There is scant information on malaria among blood donors. Malaria screening test has not been incorporated as one of the routine tests in NBTS panel of testing. In this study a prevalence of malaria of 0.7% was found. This study was conducted in a low-malaria prevalence region which gets malaria only in the rainy seasons from April to October (non-endemic region). This can be anticipated that, during the high season the prevalence can be higher. This is almost in accordance with previous study [27] which explains the low prevalence of malaria parasites (1%) among blood donors was due to the sampling period (December to February) as explained by the seasonal changes in mosquito density. The prevalence of 0.7% of Transfusion Transmissible Malaria (TTM) in this study contrasts with 46.5% for Plasmodium falciparum parasites among voluntary blood donors in Nigeria. In the Nigerian study, donors with history of past infections had higher infection rate of 54.5% for malaria than those without past history of infection 46.0%. Donors with previous history of blood transfusion had higher infection rate of 60.0% for malaria than those without such history 46.2% [3]. Studies conducted in Benin revealed the presence of Plasmodium falciparum parasites in 30.2 and 33.5% of blood donors respectively [7]. Being married (P-value=0.0057) was a high risk factor for HIV positive status. This is not surprising considering that HIV is a sexually transmitted infection. In many countries there is risk of HIV infection within marriage. In a study in India, 90% of women being treated for STI had only one lifetime partner, and 14% were HIV-positive. In Kisumu, Kenya and Ndola, Zambia, adolescent married girls' aged 15-19 years were found to have higher prevalence of HIV infection than non-married sexually active girls of the same age, demonstrating that marriage can increase risk of HIV infection [28]. Non-formal or primary education status was a high risk factor to being positive HIV (P-value=0.0262). The sero-prevalence of HIV in this study was found to decrease with increasing level of education among VNRD. This might be attributed to the fact that as the level of education increases there is high probability of being aware of preventive measures against HIV infection. Additionally, it is likely that those with high education understand criteria for self-deferral better. Some studies suggest that better educational attainment may correlate with a lower risk of infection among blood donors [7].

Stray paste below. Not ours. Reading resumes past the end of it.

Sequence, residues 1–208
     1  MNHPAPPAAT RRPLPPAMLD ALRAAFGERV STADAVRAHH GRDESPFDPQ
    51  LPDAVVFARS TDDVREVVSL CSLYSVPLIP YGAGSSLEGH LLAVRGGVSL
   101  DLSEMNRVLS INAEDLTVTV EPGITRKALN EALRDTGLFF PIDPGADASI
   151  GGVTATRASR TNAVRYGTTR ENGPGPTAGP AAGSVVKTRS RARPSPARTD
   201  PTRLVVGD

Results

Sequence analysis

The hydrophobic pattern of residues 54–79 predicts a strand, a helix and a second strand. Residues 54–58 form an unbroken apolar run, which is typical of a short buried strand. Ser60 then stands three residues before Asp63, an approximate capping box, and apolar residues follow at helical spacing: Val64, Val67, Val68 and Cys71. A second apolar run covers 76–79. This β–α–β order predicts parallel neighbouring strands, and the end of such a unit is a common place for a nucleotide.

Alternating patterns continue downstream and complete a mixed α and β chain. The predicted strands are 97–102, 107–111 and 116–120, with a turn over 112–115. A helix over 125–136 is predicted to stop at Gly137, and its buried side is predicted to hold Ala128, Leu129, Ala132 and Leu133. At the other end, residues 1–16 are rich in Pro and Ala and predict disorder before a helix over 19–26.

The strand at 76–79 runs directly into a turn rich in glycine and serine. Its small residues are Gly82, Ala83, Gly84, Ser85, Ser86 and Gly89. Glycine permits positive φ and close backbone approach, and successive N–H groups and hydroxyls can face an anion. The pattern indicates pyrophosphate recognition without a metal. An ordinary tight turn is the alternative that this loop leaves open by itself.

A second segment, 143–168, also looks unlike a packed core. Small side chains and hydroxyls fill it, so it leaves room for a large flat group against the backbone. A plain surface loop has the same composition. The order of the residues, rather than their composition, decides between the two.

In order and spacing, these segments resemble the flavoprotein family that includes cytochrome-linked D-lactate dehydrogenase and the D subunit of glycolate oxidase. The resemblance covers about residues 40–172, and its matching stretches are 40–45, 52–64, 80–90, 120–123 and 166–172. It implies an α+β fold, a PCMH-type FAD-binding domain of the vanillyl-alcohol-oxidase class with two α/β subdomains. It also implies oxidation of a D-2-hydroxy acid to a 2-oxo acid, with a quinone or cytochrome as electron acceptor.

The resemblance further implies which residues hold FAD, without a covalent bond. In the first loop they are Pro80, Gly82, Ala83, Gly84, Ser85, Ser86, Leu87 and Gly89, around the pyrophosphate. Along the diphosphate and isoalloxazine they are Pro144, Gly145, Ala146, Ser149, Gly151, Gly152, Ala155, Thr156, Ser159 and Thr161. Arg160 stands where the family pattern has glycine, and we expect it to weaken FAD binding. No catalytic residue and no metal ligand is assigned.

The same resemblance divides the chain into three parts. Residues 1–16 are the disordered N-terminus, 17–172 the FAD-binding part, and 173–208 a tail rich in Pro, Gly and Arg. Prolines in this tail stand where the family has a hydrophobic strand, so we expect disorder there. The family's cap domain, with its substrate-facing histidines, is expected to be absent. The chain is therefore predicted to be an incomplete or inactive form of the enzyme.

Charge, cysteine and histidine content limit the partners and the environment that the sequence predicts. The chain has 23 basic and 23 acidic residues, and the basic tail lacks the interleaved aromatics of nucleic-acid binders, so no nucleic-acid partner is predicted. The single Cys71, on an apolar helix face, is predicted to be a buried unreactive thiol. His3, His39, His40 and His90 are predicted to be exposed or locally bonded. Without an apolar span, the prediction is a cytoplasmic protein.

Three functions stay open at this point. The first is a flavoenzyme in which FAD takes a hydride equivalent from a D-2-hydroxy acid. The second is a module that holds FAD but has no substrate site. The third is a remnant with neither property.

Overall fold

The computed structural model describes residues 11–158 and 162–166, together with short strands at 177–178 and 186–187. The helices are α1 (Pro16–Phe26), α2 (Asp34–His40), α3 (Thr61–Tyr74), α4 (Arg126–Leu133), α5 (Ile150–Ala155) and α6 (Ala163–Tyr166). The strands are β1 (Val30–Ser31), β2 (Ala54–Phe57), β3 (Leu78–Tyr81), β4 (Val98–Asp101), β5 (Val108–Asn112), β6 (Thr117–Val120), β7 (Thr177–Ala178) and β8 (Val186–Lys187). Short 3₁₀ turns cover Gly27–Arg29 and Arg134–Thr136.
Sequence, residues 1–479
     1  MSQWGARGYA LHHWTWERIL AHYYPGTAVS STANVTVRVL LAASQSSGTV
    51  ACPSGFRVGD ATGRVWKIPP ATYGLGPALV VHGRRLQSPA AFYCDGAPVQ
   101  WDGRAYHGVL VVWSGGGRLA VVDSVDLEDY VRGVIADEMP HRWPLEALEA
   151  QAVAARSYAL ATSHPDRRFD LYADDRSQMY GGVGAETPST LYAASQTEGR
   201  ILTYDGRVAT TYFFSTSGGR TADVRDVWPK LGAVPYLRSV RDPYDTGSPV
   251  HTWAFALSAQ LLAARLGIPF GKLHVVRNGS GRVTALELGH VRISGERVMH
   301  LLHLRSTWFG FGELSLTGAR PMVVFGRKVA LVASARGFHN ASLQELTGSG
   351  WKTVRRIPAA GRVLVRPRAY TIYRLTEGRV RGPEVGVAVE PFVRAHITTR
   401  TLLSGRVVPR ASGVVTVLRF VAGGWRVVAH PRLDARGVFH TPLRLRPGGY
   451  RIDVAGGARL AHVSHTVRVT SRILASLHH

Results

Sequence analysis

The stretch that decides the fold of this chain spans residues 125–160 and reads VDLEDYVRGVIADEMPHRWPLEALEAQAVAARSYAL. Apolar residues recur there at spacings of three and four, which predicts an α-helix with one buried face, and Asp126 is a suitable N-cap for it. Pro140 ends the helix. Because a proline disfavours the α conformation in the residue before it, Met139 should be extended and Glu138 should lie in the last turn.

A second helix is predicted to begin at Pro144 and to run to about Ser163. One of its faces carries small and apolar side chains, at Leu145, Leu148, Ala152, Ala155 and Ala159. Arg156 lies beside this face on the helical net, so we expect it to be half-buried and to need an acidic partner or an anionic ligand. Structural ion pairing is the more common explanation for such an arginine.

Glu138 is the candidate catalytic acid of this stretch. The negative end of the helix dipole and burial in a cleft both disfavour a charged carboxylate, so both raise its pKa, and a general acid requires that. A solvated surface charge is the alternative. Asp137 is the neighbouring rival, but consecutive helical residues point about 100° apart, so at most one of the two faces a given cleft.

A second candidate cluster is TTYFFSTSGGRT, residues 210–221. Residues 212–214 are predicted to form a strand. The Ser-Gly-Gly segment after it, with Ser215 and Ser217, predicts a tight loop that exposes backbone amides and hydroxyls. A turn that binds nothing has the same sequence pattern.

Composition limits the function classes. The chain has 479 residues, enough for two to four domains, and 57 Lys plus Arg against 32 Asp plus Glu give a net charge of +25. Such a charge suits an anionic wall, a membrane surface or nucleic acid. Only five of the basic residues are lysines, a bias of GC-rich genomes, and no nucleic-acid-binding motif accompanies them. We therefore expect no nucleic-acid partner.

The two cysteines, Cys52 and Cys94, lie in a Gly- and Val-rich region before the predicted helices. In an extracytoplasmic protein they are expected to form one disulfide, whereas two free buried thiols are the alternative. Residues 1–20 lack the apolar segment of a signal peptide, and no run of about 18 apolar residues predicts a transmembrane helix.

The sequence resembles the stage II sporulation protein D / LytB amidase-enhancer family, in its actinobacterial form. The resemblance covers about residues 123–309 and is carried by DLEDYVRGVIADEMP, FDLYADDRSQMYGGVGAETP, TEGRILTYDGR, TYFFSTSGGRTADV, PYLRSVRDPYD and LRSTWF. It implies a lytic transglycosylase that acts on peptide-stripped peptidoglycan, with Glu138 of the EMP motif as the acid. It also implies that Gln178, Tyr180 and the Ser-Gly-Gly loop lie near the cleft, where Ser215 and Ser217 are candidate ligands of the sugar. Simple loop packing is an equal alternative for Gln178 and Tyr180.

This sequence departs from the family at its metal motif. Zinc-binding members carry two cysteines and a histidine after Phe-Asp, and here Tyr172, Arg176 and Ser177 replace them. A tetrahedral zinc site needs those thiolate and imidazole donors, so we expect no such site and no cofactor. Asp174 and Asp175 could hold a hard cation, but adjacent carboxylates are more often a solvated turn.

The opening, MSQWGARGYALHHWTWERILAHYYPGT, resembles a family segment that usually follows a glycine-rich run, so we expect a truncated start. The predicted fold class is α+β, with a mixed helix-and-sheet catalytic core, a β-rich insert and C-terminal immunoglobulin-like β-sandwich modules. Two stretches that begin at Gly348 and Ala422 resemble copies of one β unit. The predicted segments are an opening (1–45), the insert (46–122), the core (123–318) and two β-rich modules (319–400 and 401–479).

Multiple sexual activity was statistically associated with positive HIV (P-value=0.0144). Being a sexually transmitted disease, it is not surprising that increased exposure to sexual activity is associated with increased HIV prevalence. The key mode of acquiring HIV in Africa is sexual activity, multiple partners being one of the main risk factor [29]. Informal occupation (P-value=0.0176) was identified to be independently associated with positive HIV status. These informal workers constitute of business people and farmers which is a major portion of the general population in this region. Farming is a predominant occupation in Tenwek while business is, in Nakuru. Low risk factors significantly associated with HIV positive status were; age below 20 years, being single, highest educational status of secondary or tertiary education and being a student, though these associations were not statistically significant during multivariate analysis. This might be attributed through the pre-donation counseling and education, also ongoing educational programmes targeting mostly the youth. Studies worldwide indicate that the volunteers, who are composed mostly of students, produce the safer blood supply. In Kenya, school students are the main donor group as they are perceived by NBTS to be the low risky group and more willing to donate blood [21].